“We demand that at a minimum, CBP immediately comply with its own rules on protecting the lives, health and dignity of the people in their custody,” Dominguez said. “Detention will never be the solution. DHS needs to invest in proven alternatives to detention. We cannot stand for this inhumane treatment of those seeking refuge in our country.”
Many more migrants coming in
According to Customs and Border Protection officials, the agency has more migrants in custody than Border Patrol agents patrolling the Southwest border.
U.S. Border Patrol El Paso Sector Acting Supervisory Agent Fidel Baca said the El Paso Sector has had 135,000 apprehensions this fiscal year, compared with 17,000 at this same time last year.
“We are averaging over 1,200 apprehensions a day,” Baca said.
There are 2,400 agents working in the Border Patrol El Paso sector.
Large number of migrants strains Border Patrol resources
The main issue currently hurting the agency is the amount of resources the agency has to use to process the migrants, Baca said.
U.S. Border Patrol agents apprehended the largest group yet of migrants illegally crossing into the U.S. Wednesday in El Paso.
The group of 1,036 migrants were found Wednesday night crossing a border wall between the Bridge of the Americas and the Stanton Street Bridge near Downtown El Paso, U.S. Border Patrol officials said.
“With this large group we encountered on May 29, we are talking about more than 1,000 people,” Baca said. “Just to get their biographical information — simplest information such as name, date of birth and country of origin — that takes quite a bit of time just to get that little information. Why? Because it is over 1,000 people.”
He added, “As soon we apprehend them, we have to move them because we can’t just keep them by the river. So, we move them to a Border Patrol facility. Moving over a thousand people is going to take a lot of vehicles and a lot of personnel. … This is all resources — manpower, vehicles — we have to use.”
The number of migrants crossing illegally every day is hurting national security, Baca said.
“We have 10 Border Patrol stations (in the El Paso Sector), and just to process this single group of over 1,000, we had to use eight of the stations. That’s the big thing — the resources. We are trying to catch up with this influx of apprehensions and its tough because of the shortage of resources.”
Threat to border security seen
Baca said the El Paso Sector is getting help from agents in northern sectors and other government branches, including the U.S. Coast Guard, but the agency is still struggling to deal with the high influx.
“We are getting assistance. However — just the sheer numbers — the assistance we are getting in not enough to keep up,” Baca said. “Our border security is suffering because of this.”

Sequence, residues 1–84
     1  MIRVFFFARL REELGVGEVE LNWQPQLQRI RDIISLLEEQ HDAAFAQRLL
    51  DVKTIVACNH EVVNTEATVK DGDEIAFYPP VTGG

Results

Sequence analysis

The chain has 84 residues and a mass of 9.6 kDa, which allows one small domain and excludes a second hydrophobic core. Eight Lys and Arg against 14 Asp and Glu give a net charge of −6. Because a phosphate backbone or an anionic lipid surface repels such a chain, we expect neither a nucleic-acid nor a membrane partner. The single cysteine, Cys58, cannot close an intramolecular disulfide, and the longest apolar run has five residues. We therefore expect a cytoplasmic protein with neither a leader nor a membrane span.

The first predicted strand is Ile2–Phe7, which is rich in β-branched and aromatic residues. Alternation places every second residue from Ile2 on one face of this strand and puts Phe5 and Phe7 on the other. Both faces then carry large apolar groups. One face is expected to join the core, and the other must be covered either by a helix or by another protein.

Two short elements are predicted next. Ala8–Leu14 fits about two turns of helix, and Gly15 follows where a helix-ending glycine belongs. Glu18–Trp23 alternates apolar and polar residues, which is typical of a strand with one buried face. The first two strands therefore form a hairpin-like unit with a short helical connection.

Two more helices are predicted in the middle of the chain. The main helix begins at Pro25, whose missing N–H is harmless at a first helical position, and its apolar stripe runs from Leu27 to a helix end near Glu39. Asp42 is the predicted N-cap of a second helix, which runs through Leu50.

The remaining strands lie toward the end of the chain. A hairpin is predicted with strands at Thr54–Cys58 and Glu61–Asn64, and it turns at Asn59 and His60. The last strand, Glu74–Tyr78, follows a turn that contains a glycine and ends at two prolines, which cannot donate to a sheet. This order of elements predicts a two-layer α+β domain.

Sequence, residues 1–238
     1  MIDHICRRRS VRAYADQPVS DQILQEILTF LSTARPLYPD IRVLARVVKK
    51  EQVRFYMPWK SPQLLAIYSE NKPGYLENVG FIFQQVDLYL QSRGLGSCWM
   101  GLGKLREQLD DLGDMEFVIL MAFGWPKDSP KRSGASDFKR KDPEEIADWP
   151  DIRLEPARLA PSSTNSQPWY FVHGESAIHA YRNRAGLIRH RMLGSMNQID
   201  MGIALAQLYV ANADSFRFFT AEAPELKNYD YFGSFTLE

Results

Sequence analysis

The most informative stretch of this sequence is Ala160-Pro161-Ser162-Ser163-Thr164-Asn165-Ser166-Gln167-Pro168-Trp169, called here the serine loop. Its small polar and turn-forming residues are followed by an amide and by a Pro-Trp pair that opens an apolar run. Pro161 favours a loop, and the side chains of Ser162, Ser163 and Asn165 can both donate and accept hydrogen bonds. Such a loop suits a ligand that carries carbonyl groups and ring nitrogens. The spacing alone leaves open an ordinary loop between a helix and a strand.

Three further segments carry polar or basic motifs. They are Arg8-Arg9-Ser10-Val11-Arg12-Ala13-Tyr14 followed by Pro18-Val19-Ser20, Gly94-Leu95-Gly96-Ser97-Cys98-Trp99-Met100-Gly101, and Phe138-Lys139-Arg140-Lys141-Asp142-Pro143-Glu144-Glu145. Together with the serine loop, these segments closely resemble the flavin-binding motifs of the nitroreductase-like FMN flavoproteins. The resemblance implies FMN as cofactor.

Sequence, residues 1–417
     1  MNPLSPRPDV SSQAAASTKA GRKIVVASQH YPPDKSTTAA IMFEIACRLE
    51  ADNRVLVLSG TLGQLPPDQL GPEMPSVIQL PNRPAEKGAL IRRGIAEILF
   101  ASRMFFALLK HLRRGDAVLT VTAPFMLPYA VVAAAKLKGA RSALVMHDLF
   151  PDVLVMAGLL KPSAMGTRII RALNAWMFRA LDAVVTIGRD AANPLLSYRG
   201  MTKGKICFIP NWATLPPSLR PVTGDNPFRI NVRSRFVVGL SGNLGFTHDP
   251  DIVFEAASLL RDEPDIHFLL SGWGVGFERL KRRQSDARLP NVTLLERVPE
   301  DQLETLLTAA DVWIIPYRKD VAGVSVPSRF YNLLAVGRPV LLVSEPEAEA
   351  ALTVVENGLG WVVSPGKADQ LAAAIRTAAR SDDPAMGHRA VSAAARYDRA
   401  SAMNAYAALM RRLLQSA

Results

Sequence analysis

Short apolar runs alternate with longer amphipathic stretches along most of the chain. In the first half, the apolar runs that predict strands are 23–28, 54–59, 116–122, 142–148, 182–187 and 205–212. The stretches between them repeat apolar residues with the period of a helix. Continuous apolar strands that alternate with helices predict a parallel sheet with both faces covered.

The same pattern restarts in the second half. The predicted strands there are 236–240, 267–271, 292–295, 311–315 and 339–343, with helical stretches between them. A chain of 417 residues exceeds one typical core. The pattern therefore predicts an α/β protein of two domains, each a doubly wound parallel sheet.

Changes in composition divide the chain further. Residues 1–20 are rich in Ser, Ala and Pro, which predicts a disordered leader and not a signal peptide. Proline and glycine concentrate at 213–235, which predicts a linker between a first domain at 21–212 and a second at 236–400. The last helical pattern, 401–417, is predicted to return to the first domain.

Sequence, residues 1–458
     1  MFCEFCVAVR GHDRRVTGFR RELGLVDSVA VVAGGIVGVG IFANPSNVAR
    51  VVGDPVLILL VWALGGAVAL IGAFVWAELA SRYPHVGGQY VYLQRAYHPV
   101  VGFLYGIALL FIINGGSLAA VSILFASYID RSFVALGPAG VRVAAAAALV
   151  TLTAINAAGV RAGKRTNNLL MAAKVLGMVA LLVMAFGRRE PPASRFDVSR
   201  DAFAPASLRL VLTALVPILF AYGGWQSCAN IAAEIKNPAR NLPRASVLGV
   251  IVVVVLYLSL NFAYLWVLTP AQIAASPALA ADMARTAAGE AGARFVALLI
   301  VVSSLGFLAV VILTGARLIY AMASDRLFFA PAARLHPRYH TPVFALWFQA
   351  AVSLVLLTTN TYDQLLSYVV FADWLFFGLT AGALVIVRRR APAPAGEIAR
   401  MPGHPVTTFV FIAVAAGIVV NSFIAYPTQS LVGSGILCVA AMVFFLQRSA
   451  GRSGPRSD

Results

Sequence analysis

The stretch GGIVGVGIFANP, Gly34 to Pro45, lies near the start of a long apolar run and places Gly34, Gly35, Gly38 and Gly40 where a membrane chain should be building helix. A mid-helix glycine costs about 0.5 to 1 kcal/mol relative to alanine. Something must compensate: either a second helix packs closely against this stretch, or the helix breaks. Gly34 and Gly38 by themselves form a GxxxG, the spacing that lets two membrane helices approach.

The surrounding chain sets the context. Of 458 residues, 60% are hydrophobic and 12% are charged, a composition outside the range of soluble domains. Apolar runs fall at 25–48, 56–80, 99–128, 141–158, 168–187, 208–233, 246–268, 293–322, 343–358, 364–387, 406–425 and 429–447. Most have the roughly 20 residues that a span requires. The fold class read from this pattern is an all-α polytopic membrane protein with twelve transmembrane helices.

A video posted on the U.S. Border Patrol’s official Twitter account shows the large group of people crossing into the U.S. on Wednesday night through the border fence. The video, which has a timestamp of 3:23 a.m., shows the group crossing a mostly dry Rio Grande, go up a levee and then through a hole in the border fence.
Within minutes, the group is across the border and walking along the border fence on the U.S. side. The video, which appears to have been taken by surveillance cameras posted along the border fence, does not show the group being apprehended by agents.
The migrants were from Guatemala, Honduras and El Salvador, officials said. The group included 934 family members, 63 unaccompanied children and 39 single adults.
U.S. Border Patrol officials said this is the largest group to ever encountered illegally entering the U.S.
“The apprehension of 1,036 individuals in a single group — the largest group ever encountered by Border Patrol agents — demonstrates the severity of the border security and humanitarian crisis at our Southwest border,” U.S. Customs and Border Protection Deputy Commissioner Robert E. Perez said in a statement. “The dedicated men and women of CBP, and in particular the U.S Border Patrol, are doing their very best every day to address the influx of family units and unaccompanied children.”
The migrants were taken into custody at about 4 a.m. for processing and initial medical screening, officials said.
The Border Patrol El Paso Sector has continued to see a large number of migrants crossing into the U.S.
On Memorial Day, agents detained more than 2,200 migrants in the El Paso Sector, which includes West Texas and all of New Mexico.
The largest group on Memorial Day was more than 400 migrants who were detained near Bowie High School in South El Paso.
Agents also detained more than 200 migrants in a separate group on Memorial Day near the Antelope Wells Port of Entry in the bootheel of New Mexico.
The U.S.-Mexico border has seen a large influx of migrants — many seeking asylum — crossing in large groups.
Border Patrol officials said the agency is on pace to apprehend more than 1 million migrants this fiscal year, which started in October. So far, agents have apprehended more than 500,000 migrants. In May, agents detained 45 large groups totaling more than 7,900 migrants, officials said.
Border Patrol agents have encountered 180 large groups on the Southwest border so far this fiscal year, officials said.
“Processing groups of this size places a tremendous strain on CBP’s resources and operations,” U.S. Customs and Border Protection officials said in a statement on Twitter. “The dramatic increase of large groups pulls frontline personnel to conduct humanitarian efforts and draws resources away from frontline enforcement — placing border security at risk.
© 2019 the El Paso Times (El Paso, Texas)